“If it’s an imminent threat of serious bodily harm, yeah, you become the judge, jury and executioner,” said Alpert, the University of South Carolina criminologist.
Richard Rosenfeld, a University of Missouri at St. Louis professor of criminology, adds, “It’s not simply that the officer perceives that he or she is under threat. It must be that the perception is reasonable. That term ‘reasonable’ is so legally freighted.”
Many African Americans here have little trust that the system is capable of reaching a fair decision. McCulloch, the prosecutor, is particularly controversial. His father was a police officer killed by a black man in 1964. He has resisted calls to recuse himself from the case.
“Why is it always in the African American community that it must be the victim’s fault if he got killed?” said Charlie A. Dooley, the county executive of St. Louis County and someone who has called for McCulloch to give way in favor of a special prosecutor. “That is just not right, and it’s not equal justice. African Americans are saying, ‘How dare you? We’re fed up with that. We fought for this country, too.’ ”
Dooley continued: “This is bigger than Mike Brown. What happened in those few seconds on Canfield is illustrative of how little value black men’s lives are worth. The message is clear: Police can kill a young black man and get away with it.”
On Saturday, Wilson supporters staged a “Support Darren Wilson” rally at Barney’s Sports Pub, which is frequented by current and former officers.
“The people here don’t know him, but law enforcement is family,” said Rhea Rodebaugh, the bar’s owner and a former sheriff. “The poor guy is in hiding. He was doing his job.”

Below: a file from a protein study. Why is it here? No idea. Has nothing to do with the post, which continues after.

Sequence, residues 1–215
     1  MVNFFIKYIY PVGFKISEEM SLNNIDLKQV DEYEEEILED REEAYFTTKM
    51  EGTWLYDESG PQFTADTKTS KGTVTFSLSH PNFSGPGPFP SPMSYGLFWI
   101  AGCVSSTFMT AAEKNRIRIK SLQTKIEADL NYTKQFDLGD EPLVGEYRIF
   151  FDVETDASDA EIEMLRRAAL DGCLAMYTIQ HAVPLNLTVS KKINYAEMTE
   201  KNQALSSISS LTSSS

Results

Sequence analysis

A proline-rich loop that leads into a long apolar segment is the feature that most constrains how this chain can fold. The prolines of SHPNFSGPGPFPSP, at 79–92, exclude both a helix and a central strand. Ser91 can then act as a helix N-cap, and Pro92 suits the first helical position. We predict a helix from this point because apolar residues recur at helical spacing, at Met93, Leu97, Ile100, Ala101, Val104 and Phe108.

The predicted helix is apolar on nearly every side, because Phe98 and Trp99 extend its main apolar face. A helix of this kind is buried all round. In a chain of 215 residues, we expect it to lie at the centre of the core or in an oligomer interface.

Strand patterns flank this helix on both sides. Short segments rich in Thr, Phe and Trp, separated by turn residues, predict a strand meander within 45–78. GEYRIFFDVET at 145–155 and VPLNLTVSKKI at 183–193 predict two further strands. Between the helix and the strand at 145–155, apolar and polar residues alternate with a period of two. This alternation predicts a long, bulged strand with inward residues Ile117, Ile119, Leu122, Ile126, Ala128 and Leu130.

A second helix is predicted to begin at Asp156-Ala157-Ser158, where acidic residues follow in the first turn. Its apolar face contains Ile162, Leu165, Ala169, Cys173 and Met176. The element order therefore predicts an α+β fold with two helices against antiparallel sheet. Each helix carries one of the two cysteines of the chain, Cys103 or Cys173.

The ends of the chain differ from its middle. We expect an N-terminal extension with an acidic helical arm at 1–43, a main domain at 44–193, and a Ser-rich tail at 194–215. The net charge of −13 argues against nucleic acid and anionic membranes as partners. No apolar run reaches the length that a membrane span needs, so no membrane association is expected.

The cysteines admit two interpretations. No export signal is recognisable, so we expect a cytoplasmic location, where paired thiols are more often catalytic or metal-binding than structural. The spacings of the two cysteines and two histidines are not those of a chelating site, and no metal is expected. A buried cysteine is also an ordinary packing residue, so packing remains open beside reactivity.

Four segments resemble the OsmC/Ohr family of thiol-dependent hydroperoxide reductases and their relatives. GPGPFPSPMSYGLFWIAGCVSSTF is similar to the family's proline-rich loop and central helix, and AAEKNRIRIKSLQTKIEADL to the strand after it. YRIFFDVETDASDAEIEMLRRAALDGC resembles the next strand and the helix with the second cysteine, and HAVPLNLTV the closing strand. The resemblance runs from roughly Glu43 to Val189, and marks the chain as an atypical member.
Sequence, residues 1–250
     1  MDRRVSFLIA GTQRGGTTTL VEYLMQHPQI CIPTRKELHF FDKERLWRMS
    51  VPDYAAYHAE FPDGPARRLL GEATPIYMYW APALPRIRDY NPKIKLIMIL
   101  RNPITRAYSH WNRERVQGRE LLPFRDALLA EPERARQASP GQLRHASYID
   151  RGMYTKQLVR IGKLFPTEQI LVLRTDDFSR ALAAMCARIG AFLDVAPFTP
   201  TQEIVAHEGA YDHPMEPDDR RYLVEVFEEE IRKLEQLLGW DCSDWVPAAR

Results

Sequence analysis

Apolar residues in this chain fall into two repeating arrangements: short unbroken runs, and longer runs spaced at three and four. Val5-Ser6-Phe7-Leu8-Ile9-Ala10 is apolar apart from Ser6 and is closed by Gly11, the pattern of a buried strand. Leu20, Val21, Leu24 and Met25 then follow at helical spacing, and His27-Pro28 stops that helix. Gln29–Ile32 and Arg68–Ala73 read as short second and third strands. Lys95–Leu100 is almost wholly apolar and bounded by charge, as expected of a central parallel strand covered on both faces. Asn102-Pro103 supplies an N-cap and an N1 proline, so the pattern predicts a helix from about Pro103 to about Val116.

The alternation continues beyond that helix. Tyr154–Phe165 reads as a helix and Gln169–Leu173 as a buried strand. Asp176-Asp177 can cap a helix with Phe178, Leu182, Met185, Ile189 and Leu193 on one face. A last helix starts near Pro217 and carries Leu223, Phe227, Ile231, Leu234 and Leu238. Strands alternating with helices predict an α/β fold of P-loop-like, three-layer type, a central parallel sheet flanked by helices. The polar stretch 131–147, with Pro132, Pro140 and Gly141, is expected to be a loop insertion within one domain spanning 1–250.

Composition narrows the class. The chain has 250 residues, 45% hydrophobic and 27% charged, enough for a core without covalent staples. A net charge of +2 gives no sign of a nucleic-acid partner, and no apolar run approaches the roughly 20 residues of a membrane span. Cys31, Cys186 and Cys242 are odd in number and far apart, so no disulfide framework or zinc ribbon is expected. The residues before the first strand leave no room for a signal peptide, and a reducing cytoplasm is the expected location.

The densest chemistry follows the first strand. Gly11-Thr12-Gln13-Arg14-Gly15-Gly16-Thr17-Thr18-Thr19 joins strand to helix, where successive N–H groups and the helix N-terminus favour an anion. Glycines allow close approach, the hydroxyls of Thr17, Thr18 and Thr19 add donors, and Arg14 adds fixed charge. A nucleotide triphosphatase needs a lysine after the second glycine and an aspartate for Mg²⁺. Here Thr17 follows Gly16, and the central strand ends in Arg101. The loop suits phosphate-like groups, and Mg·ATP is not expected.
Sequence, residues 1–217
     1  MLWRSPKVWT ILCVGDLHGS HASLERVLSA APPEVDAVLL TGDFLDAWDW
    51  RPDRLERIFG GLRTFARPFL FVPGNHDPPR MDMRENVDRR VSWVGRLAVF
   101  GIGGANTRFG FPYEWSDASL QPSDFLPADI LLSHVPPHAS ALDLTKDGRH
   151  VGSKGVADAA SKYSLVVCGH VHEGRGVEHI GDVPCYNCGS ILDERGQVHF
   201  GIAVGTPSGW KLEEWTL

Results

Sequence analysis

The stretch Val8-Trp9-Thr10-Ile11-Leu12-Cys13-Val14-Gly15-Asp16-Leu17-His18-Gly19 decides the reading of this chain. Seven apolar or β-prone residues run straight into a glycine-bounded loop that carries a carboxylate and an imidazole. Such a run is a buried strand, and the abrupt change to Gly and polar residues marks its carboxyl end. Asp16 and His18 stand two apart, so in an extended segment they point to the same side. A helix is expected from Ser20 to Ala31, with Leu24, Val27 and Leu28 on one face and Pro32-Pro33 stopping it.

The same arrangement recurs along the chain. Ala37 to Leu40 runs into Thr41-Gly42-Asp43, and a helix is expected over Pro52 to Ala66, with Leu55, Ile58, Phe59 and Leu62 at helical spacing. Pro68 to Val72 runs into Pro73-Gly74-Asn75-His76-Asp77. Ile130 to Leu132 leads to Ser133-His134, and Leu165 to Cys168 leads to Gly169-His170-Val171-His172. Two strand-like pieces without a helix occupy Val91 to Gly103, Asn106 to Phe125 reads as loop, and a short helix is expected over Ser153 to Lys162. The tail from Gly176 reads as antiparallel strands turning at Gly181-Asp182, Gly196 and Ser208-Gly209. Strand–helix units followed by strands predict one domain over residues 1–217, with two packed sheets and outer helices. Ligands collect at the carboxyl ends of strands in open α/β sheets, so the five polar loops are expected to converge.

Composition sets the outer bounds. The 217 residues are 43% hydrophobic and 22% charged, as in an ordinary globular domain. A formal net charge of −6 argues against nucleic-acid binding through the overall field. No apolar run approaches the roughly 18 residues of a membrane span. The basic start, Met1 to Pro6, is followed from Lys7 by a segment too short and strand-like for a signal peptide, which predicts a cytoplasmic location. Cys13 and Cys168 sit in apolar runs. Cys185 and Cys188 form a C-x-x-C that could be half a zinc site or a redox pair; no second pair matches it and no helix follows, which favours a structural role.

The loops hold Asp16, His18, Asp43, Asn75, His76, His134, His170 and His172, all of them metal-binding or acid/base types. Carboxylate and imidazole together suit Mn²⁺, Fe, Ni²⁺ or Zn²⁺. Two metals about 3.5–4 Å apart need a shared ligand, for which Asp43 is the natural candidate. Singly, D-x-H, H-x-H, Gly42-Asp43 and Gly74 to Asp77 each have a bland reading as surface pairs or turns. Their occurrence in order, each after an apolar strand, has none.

About 100 people, most of them white, showed up. A table held stacks of navy blue T-shirts for sale, each with a police badge on the front and the words “Officer Darren Wilson We Stand By You 8-9-14.”
Several in the crowd had connections to law enforcement, including one who said he knew Wilson from working in private security — and got a call from him on the night of Aug. 9. He said Wilson called to say he couldn’t make it to work because of the shooting.
“Really surprised me that he would think to notify somebody to cover a position that he was responsible for after being involved in what he was involved in,” the officer said.
The officers voiced their unhappiness with Missouri Gov. Jay Nixon, who called for a “speedy prosecution” in the case, a comment that his office later attempted to retract, saying he meant a “speedy investigation.” The cops said they aren’t buying it since it was from a prepared statement, and they worry about the effect it may have on the community if Wilson is not prosecuted.
“That just sets us up for riots,” said one of the officers, who spoke on the condition of anonymity out of fear for his safety.
As the day wore on, a counterprotest evolved across the street, growing from two young women to a group of 20 by 6 p.m. — seven hours after the pro-Wilson rally started.
Motorists began driving by and honking in support of people on both sides of the road, largely dividing along racial lines.
“You are disgusting!” screamed one protester at the Wilson supporters.
The person who started the counterprotest, NaKarla Rimson, said they began with two people, and that as motorists drove by, they parked their cars and joined them. It was hard to keep things peaceful, but she said she tried to tell people to “allow everyone to have their opinion.”
Tempers flared on the other side of the street, too, with some people screaming and making rude gestures of their own. By 8 p.m., the pro-Wilson organizers had moved their tables and chairs inside.
“We are trying to get everyone inside to calm things down,” said one of the organizers, who declined to give her name.
Achenbach reported from Washington. Chico Harlan, DeNeen Brown, Sarah Larimer and Krissah Thompson in Ferguson and Alice Crites and Julie Tate in Washington contributed to this report.